The three most dangerous days of the year in the outdoors arrive this weekend.
Nine months of pent-up energy -- work or school, and for many, just plain not having enough fun for a long time -- will be unleashed in a 72-hour span over Memorial Day weekend.
When people bust loose after being held down, they can be drawn to high-risk behavior. Like a young adult floating down a cold, high river in an inner tube without a life jacket, with a six-pack roped alongside to be consumed along the way.
Few look in the mirror and say, “Today I will risk death.” Yet on Memorial Day weekend, thousands risk catastrophe with nary a thought. Don’t increase that risk by driving impaired by alcohol. And in most cases on the water, wear a life jacket.
For the start of summer, many will venture out on a powerboat, sailboat, kayak, raft, dingy, pram, inner tube -- that is, anything that floats. Sooner or later, you’ll end up in the drink.
Problem is, gravity wins. If you find yourself in the water with no easy way to extract yourself, you will eventually get tired, sink and end up in the vicinity of Davy Jones’s Locker. Unless, that is, you wear a life jacket. Then you can usually keep your head above water long enough to get pulled out.
On a hot sunny day on a boat, few like wearing life jackets, especially youngsters on inner tubes, suntan-seekers, fishermen in bass boats, and all who drink a lot of beer.
One answer is the new generation of unobtrusive inflatable life vests. You hardly know you’re wearing one. Buy ’em; wear ’em. You only get one chance at this event called life, you know.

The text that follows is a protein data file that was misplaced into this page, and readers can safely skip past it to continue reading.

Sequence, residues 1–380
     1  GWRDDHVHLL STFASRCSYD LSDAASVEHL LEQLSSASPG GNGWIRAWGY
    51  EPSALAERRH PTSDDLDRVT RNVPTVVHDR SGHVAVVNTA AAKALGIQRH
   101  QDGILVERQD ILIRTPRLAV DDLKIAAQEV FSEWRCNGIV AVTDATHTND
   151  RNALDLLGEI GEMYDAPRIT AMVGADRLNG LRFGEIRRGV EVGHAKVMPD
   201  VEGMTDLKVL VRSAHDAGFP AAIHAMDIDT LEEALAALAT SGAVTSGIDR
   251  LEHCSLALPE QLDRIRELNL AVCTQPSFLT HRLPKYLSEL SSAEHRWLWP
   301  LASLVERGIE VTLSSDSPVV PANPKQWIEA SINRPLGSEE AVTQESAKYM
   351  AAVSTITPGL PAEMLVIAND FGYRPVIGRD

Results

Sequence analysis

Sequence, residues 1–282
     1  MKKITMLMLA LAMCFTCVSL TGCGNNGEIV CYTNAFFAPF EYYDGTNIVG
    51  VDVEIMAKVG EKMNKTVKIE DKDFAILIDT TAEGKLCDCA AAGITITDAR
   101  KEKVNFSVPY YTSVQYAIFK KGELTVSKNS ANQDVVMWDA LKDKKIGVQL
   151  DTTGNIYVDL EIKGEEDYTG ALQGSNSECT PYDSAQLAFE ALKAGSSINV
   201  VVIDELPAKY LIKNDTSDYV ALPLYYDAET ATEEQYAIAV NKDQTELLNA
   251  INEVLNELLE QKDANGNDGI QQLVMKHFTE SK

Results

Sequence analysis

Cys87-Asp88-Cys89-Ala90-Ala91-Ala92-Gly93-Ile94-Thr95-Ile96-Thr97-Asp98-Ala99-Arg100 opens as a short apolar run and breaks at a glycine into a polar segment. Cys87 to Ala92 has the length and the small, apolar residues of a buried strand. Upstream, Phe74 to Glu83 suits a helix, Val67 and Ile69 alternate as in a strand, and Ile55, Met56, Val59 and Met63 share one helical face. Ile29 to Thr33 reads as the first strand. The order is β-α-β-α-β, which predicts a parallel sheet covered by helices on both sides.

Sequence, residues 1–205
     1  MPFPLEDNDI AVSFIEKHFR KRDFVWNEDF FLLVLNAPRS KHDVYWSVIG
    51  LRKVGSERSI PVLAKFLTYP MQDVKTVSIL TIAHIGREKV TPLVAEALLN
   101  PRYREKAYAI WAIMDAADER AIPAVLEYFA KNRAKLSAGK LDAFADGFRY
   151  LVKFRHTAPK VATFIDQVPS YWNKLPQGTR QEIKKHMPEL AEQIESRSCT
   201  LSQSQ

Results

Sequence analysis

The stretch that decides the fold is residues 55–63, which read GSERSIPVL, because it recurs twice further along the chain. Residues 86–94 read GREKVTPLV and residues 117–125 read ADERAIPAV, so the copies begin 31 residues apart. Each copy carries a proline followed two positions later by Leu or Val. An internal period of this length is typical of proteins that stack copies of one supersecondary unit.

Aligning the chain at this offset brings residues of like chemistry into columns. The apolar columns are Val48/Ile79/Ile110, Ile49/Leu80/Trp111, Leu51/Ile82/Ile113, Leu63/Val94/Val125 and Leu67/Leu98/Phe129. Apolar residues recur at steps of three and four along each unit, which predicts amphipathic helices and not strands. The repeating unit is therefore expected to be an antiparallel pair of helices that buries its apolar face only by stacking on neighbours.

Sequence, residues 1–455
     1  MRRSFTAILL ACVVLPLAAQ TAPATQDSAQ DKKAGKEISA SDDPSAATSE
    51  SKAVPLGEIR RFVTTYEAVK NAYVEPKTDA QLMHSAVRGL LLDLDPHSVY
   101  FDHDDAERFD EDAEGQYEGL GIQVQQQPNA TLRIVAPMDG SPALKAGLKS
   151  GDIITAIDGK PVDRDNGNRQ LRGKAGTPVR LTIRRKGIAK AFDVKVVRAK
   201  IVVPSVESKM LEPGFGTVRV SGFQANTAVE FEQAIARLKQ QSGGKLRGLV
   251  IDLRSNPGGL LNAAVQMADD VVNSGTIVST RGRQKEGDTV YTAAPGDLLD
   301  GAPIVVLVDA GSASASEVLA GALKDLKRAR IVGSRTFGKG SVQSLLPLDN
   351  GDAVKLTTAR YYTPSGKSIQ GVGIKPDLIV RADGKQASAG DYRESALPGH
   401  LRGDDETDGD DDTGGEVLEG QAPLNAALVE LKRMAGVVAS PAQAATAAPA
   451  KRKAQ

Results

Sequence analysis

Some have learned their lessons and wear a life jacket. Many have not, do not. According to the U.S. Coast Guard, 758 people died in 686 fatal boating accidents in 2011. Seventy percent of those boating-accident fatalities drowned, and of those, 84 percent were not reported as wearing a life jacket.
The laws are explicit: All children younger than 13, every person on a personal watercraft and every person being towed, must wear a life jacket. A life jacket must be on board for every person. That’s pretty simple. Yet people don’t do it.
Rivers often provide a worst-case scenario on Memorial Day weekend for young adults. When you take a tumble into a cold river, the “gasp-reflex effect” can hit you. Your chest feels tight, it’s hard to breathe and all your strength and mental clarity disappears. Pro rafting outfitters require all aboard to wear the best life jackets and wet suits and have a great safety record. Because of the cost factor, do-it-yourself kids on a raft often choose otherwise.
Contact Tom Stienstra at tstienstra(at)sfchronicle.com.